Out boating with the fam on the Alabama River

Tomorrow is my 60th birthday. I am not the first and I am not the last to say, “it just doesn’t seem possible.”

In the last year, life has changed more than I could have anticipated. I write a lot less these days. My energy is spent in the ways a new rector must use her time and love—doing the largely mundane, trudging work to keep the AC running, the sermons at least somewhat decent week after week, the ministries and Bible Study, parishioners who are sick and in need, all tended to. My days include time doing things like this:

On the home front, my dad is becoming more frail—as he approaches his 93rd birthday, that is to be expected. Maria seems to have stabilized, is more connected and usually, less delusional; she is in need of constant reassurance that she is loved by us, even when 2-3 months go by without our visits. Sometiemes she calls three or four times a day and I have to gently remind her I am at work. Sherod, and our marriage, are still alive and deserving of care and attention as well.

As I moved into my role as Priest-in-Charge and then Rector, at Holy Comforter, I realized how important it would be to have more support in place than I’d had before. I come from a family that in previous generations has had more than its fair share of alcoholism. I have turned to Al-Anon, which is a program for family and friends of people who are alcoholic, and is based on the 12 steps of AA.

As often as I can possibly manage it, I get to meetings at 6:30 AM, even when it means hauling a rather tired carcass out of bed and into Montgomery when everything in me hollers, “But I love my bed.” I find in the Al Anon rooms the combination of hope and accountability that pushes me to dig deeper, go further, and try to be braver, in living the life I believe God wants for me. There are days that leave me as raw as if someone had gone over me with sandpaper, and mostly, what I have found is an even greater capacity for joy. For that, I am grateful.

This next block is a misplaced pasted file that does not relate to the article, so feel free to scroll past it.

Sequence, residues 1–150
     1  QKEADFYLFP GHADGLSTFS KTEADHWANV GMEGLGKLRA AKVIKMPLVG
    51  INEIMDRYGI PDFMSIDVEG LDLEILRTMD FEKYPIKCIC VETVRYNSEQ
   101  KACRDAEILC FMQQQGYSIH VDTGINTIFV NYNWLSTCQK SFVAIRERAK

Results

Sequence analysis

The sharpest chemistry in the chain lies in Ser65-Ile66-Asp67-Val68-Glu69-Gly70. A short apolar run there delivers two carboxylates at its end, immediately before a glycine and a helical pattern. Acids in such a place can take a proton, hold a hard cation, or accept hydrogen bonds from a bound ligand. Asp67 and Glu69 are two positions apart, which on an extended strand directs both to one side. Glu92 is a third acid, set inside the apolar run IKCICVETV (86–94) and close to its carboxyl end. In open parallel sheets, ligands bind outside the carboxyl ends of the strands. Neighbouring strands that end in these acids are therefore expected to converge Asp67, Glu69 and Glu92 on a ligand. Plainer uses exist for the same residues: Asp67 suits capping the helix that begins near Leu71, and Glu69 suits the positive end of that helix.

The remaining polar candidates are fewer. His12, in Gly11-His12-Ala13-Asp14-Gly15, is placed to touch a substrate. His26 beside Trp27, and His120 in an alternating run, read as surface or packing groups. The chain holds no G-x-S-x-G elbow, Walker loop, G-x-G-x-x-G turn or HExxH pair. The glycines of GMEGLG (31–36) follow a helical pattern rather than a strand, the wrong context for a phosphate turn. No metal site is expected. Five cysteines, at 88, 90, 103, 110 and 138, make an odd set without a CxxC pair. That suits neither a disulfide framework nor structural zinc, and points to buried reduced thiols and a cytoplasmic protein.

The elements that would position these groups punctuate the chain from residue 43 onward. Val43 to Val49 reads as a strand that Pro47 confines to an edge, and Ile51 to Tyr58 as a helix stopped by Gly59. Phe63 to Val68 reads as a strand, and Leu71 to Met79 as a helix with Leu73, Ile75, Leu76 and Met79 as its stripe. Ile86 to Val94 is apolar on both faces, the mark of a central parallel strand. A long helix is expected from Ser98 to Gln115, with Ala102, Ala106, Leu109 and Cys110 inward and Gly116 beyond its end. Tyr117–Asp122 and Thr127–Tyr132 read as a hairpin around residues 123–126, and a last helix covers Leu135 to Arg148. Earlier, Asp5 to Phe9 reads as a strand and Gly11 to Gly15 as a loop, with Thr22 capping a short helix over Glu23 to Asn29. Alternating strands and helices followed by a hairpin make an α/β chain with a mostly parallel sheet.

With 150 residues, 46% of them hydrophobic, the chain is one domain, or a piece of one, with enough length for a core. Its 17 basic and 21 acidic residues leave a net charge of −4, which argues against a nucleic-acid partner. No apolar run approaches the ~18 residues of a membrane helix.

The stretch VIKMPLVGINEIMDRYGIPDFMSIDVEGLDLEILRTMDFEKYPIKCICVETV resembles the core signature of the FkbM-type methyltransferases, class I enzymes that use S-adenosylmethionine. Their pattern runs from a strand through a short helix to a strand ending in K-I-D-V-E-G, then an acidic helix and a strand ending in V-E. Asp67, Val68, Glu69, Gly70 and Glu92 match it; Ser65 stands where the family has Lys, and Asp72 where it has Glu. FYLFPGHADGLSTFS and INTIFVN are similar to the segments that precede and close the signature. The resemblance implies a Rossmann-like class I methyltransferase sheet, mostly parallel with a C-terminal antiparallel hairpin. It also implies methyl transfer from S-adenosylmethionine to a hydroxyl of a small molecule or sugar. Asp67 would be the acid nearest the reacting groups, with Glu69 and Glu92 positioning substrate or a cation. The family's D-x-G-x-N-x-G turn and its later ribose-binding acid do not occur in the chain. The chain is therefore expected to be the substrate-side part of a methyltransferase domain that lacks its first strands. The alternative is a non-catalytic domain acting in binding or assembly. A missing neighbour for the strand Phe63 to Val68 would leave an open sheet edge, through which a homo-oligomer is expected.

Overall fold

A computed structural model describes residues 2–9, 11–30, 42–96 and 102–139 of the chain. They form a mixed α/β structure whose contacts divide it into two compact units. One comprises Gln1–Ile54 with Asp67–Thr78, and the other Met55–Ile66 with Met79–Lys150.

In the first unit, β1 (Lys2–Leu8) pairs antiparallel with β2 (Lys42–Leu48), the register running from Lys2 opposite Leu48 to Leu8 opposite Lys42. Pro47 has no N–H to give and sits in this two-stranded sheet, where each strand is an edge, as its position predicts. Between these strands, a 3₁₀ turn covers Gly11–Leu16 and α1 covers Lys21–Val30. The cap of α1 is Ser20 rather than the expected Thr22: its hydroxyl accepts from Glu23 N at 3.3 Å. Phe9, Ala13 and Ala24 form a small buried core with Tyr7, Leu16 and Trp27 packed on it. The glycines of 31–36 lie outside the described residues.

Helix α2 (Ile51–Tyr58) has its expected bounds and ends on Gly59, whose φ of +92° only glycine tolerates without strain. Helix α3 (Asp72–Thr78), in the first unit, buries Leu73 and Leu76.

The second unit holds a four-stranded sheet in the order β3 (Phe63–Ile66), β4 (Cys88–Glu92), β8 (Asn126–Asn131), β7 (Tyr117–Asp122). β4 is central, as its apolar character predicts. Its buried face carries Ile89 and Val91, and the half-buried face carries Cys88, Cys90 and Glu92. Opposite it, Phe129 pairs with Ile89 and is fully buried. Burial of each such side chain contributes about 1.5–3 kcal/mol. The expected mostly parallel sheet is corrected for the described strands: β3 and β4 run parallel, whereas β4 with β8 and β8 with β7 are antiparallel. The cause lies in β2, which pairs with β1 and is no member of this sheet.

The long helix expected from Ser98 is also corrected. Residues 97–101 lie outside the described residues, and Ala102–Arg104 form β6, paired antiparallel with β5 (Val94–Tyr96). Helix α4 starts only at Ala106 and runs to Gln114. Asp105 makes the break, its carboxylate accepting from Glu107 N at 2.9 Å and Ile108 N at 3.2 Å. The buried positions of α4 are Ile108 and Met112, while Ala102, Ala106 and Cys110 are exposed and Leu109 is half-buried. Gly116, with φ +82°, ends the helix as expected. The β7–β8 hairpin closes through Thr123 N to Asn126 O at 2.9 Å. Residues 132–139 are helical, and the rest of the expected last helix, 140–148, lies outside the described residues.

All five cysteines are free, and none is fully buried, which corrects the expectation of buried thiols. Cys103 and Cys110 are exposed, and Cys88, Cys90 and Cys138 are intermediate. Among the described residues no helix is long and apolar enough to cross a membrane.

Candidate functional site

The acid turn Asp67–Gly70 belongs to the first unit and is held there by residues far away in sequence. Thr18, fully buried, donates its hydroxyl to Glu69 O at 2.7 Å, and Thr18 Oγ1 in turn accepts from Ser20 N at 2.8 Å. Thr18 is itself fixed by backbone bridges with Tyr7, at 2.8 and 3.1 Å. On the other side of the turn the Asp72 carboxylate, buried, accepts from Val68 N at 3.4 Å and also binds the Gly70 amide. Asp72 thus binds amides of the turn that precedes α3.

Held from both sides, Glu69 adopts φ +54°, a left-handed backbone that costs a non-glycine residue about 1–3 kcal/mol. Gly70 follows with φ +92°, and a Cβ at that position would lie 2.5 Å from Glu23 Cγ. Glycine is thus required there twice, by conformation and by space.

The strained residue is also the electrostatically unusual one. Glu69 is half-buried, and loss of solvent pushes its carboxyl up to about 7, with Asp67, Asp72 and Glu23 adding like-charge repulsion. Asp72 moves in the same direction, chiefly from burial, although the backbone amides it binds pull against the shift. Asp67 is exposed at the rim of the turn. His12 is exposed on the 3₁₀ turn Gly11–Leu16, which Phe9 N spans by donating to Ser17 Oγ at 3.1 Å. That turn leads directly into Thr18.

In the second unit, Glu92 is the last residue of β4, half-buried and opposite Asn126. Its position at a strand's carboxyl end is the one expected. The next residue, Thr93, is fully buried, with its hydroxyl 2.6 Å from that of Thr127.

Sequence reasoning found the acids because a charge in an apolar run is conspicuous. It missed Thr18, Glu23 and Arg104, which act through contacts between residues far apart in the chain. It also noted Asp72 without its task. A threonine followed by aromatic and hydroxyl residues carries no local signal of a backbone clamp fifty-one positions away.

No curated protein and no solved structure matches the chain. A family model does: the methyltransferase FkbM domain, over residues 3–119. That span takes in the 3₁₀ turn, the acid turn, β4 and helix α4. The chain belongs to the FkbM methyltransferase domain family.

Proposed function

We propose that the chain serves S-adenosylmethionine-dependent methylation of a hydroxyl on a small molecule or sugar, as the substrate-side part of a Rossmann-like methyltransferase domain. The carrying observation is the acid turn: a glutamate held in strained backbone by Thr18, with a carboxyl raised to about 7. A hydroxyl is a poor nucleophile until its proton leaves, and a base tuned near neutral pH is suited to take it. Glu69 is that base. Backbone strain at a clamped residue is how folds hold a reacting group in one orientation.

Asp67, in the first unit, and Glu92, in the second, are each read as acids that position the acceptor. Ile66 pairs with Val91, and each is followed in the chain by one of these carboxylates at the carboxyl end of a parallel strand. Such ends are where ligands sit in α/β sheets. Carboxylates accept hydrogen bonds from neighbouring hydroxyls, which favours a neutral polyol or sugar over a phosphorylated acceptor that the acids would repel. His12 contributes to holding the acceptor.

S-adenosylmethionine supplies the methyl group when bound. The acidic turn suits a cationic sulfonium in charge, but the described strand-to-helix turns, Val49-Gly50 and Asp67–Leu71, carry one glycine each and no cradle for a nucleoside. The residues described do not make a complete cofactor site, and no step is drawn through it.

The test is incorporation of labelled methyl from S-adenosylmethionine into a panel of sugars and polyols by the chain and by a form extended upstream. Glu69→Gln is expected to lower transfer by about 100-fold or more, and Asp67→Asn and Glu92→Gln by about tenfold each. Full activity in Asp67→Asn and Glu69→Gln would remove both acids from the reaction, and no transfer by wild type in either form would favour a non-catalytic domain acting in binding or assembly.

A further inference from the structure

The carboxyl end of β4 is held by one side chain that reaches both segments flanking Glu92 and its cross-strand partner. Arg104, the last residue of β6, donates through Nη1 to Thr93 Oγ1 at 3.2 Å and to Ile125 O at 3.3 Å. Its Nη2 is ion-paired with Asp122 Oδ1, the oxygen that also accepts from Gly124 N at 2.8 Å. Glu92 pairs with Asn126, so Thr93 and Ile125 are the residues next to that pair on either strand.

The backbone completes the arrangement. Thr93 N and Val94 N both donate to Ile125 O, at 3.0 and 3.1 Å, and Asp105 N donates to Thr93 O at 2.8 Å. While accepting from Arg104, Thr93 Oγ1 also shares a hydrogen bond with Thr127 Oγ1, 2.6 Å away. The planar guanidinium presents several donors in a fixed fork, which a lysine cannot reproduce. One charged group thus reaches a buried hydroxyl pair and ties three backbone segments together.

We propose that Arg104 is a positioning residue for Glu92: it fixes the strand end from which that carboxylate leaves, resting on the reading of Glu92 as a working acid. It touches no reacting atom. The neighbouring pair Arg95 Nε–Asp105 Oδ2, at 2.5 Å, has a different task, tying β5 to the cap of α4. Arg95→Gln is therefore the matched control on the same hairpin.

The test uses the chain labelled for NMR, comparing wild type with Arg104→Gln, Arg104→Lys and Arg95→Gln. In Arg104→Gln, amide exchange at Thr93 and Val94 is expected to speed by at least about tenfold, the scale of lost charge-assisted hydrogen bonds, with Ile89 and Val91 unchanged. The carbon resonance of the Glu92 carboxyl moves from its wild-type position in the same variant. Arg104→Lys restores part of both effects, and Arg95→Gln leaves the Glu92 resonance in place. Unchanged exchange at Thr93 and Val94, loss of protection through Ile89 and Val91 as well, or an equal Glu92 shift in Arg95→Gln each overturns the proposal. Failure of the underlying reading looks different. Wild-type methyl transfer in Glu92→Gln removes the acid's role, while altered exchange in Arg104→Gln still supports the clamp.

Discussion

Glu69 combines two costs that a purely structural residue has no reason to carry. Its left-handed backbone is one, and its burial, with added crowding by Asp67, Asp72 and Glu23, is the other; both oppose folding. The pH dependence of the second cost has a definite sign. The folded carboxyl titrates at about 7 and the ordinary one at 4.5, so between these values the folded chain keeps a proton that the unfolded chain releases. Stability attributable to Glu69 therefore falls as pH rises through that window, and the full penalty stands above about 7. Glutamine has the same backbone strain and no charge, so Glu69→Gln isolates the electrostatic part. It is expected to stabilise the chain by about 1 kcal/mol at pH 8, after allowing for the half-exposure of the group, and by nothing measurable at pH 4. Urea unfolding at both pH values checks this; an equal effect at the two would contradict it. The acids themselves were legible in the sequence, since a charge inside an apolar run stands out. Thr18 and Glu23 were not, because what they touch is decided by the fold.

That joy is essential at a time when I see the whole world slipping deeper and deeper into darkness. I could go on and on about what is happening in our own country. But it is not just here. Guatemala. El Salvador. Honduras. Chile. Lebanon. Hong Kong. Ecuador. Great Britain. Syria. Myanmar and the ethnic cleansing of Rohingyas, China with its ‘re-education’ of its Muslim Uighur minority population. And Colombia, my beloved country of birth. It was scarcely three years ago that hope grew into a seedling of peace, when the main guerrilla group and the Colombian government signed a treaty to end the violence and put down the guns. The commitments that were made were going to require both sides to stretch into some real sacrifice. And in the end, the stretch was too much for too many so violence is accelerating again, into far too much death and suffering.

“Ay, mi tierra hermosa y adolorida” Oh my beautiful and aching land. It’s a lament for our whole world, this ‘fragile earth, our island home,’ for the country I call mine now, for the country that I came from. I will be sixty tomorrow and I believe I will see a great deal more darkness in the time left to me. My prayer today is that I will be able to keep finding joy because I still believe that each of us can be a light of kindness and generosity and courage even in the deepest darkness. And it all starts with joy.

This is the day our God has made, let us rejoice and be glad in it.